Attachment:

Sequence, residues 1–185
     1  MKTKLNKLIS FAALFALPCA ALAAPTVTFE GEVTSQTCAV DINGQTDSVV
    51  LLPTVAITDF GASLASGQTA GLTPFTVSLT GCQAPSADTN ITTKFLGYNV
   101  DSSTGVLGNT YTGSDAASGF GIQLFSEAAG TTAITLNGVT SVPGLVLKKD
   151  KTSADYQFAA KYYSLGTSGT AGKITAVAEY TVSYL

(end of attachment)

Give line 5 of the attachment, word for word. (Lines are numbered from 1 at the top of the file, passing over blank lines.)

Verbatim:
   151  KTSADYQFAA KYYSLGTSGT AGKITAVAEY TVSYL